I am thinking about adding a couple of coniferous tree to my back yard for all-year interest and considering “Fat Albert” Colorado spruce, “Taylor Sunburst” pine, “Dragon Eye” pine or Pinus Nigra “Nana”. Are there any pine particular diseases that I should be aware of in our region? Some areas in USA are hit with nematodes, so I am not sure if should invest in pine trees. Not buying Ash tree for sure. Any recommendations among mentioned trees?
Thank you for writing, and lucky for you, embarking on a project of research, and selection, for hopefully this coming spring! The world of conifers is wonderful, rich and varied.
You don’t mention the size of your back yard, but this should be high on your check-list of considerations. Also, generally speaking, wherever we live in the world, the best kinds of trees to plant are our native species, not only because they are adapted to their environment, but they will be culturally integrated with other native life forms. In the Family Pinaceae, the Black spruce (Picea mariana) and White spruce (Picea glauca) are among Spruce native to Ontario. That said, there are many non-native, but generally well-suited, conifers that will thrive, and get along well with other regional living creatures.
At first blush, the mention of a Colorado Spruce brings to mind an image of a broad, towering, mature tree — not often the first choice for a medium-to-small, back yard. But, you clearly have done some research, because the Picea pungens ‘Fat Albert’, is exactly that: a semi-dwarf, compact, chunky tree (hence its name) which grows almost as wide as it is tall. Generally, a 10′ tall specimen should be about 8′ wide, with a dense-branching, pyramidal form, and an excellent landscape specimen. Easily grown in average, well-drained soil, in full sun, this is a really superb evergreen choice, with rich blue coloring. Also, ‘Fat Albert’ is one spruce that really does not require any training, or pruning.
As for your pine considerations, you have suggested species that each feature a unique colour and shape. Your personal preferences can guide you in this regard. The White pine (Pinus strobus) is the provincial tree of Ontario, and the name strobus means cone. When given ample space to grow, the large White pine can be a magnificent addition to your urban canopy. White pine is fast-growing, and presents best in sunny sites, with well-drained acidic soils; it can tolerate some dry soil, but high pH soils might cause yellowing of the needles.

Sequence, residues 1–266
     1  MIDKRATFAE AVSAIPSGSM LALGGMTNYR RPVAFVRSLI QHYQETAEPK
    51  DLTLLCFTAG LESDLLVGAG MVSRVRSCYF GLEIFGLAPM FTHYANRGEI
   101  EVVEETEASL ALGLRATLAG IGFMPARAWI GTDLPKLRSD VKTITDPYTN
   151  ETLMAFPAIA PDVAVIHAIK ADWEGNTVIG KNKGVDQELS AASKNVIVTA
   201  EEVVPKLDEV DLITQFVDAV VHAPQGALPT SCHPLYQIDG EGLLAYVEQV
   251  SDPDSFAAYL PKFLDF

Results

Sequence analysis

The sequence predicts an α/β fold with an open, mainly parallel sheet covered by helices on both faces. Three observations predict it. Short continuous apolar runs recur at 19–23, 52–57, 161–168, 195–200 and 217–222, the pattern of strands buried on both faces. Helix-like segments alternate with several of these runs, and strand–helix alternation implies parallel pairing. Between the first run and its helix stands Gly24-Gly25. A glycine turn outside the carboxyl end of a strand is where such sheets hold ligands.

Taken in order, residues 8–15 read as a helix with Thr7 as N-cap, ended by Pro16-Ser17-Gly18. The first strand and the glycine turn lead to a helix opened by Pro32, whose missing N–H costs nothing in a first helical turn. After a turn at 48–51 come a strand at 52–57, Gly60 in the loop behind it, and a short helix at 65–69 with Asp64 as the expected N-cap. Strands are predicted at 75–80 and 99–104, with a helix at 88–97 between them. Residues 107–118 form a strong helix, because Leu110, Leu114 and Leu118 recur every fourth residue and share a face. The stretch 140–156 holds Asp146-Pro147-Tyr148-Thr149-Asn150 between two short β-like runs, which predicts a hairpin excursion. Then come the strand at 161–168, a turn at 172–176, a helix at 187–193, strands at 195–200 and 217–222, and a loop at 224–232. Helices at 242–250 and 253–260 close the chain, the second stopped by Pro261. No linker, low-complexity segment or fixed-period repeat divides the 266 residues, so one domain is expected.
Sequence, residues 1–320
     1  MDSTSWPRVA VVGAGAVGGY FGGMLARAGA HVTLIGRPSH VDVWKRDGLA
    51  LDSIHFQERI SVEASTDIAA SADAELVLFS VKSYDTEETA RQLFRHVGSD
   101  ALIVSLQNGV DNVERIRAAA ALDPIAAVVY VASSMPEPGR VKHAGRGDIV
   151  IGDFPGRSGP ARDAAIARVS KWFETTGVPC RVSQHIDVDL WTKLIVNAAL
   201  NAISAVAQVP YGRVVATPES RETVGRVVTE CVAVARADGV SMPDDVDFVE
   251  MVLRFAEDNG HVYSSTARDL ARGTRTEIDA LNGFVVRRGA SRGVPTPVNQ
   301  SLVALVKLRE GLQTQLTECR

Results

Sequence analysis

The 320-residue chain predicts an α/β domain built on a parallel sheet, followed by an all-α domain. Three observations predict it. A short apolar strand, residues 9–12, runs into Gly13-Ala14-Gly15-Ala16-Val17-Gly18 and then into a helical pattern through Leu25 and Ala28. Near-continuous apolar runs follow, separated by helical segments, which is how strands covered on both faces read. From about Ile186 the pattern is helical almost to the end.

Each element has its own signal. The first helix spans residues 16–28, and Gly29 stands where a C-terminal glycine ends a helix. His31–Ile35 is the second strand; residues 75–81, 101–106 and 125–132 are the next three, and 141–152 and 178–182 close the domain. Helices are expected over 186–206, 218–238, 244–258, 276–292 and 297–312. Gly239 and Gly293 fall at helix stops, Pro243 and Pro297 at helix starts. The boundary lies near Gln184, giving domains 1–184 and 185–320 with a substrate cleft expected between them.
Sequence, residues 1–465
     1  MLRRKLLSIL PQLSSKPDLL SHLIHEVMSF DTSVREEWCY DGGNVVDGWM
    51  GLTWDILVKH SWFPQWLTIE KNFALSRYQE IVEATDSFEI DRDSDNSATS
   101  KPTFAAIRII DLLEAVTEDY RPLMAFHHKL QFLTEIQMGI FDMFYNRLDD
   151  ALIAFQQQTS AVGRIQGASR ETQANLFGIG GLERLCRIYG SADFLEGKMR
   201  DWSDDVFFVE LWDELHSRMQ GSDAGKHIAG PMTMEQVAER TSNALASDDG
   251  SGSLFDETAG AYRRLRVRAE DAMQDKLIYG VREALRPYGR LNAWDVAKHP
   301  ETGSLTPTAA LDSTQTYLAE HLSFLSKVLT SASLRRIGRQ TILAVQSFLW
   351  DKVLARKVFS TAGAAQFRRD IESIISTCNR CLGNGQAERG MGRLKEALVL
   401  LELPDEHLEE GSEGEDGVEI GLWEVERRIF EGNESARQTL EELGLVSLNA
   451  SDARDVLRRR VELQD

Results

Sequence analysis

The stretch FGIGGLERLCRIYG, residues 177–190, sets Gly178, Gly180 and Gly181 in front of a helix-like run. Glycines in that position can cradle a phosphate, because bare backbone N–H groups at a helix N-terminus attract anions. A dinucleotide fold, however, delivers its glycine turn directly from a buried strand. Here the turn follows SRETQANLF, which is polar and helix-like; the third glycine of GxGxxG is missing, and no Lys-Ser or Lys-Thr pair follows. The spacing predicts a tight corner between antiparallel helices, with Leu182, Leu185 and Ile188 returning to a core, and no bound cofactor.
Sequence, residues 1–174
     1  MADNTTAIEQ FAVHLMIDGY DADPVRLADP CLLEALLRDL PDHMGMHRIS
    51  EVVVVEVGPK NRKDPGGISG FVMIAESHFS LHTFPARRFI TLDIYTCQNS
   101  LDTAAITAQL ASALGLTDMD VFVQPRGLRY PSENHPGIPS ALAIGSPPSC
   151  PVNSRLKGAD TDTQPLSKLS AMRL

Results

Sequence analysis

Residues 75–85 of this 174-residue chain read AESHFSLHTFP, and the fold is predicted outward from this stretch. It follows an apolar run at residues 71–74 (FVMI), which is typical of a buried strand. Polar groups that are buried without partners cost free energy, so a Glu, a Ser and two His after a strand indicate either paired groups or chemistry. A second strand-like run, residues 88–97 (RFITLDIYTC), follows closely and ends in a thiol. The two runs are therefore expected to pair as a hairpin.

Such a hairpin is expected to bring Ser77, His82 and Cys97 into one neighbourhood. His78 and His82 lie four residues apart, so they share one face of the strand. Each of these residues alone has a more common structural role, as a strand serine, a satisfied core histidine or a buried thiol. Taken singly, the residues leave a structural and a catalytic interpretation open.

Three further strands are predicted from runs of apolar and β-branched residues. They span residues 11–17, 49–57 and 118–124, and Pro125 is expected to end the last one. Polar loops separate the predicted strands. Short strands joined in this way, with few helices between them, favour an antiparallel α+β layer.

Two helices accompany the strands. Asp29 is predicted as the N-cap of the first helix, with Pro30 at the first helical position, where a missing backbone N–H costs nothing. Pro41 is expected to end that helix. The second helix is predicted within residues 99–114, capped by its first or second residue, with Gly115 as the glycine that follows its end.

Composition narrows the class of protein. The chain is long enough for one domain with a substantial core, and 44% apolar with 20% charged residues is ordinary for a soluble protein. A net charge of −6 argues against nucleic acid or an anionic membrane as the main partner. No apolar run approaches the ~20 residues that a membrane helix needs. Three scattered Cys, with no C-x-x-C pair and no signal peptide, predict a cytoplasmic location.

White pine can be susceptible to several native, and introduced, pests and diseases. This includes white pine blister rust, and white pine weevil. Blister rust is caused by a fungus (Cronartium ribicola) that was introduced from Europe in the early 20th century. It can cause yellowing and dying foliage, with entire branches dying, which may be halted by pruning the infected branch.
White pine weevil (Pissodes strobi) is an insect that is native to North America, and causes damage by attacking the leading shoot at the tip of the tree. Once this shoot is destroyed, the tree’s side shoots begin to grow upward, thus creating a forked trunk and a deformed tree.
Regarding your mention of nematodes (multicellular animals that burrow into plant tissue), the pinewood nematode is actually transmitted by pine sawyer beetles, either when the beetles feed on the bark and phloem of tree twigs, or when the female beetles lay eggs in freshly cut timber, or dying trees. The most effective prevention strategy is to avoid planting non-native pines, such as Scots pine, Pinus sylvestris, which was introduced from Europe.
So, again, think native. And think local. And you will likely be making choices that will be for the best suited, and most robust in your area. In closing, below are a few links to hopefully help with your research, and selection !
Ontario’s Tree Atlas: https://www.ontario.ca/environment-and-energy/tree-atlas
You might also want to consult the Toronto Master Gardeners Garden Guide on evergreens for hedges: https://www.torontomastergardeners.ca/index.php/factsheet/evergreens-suitable-for-hedging-a-toronto-master-gardeners-guide/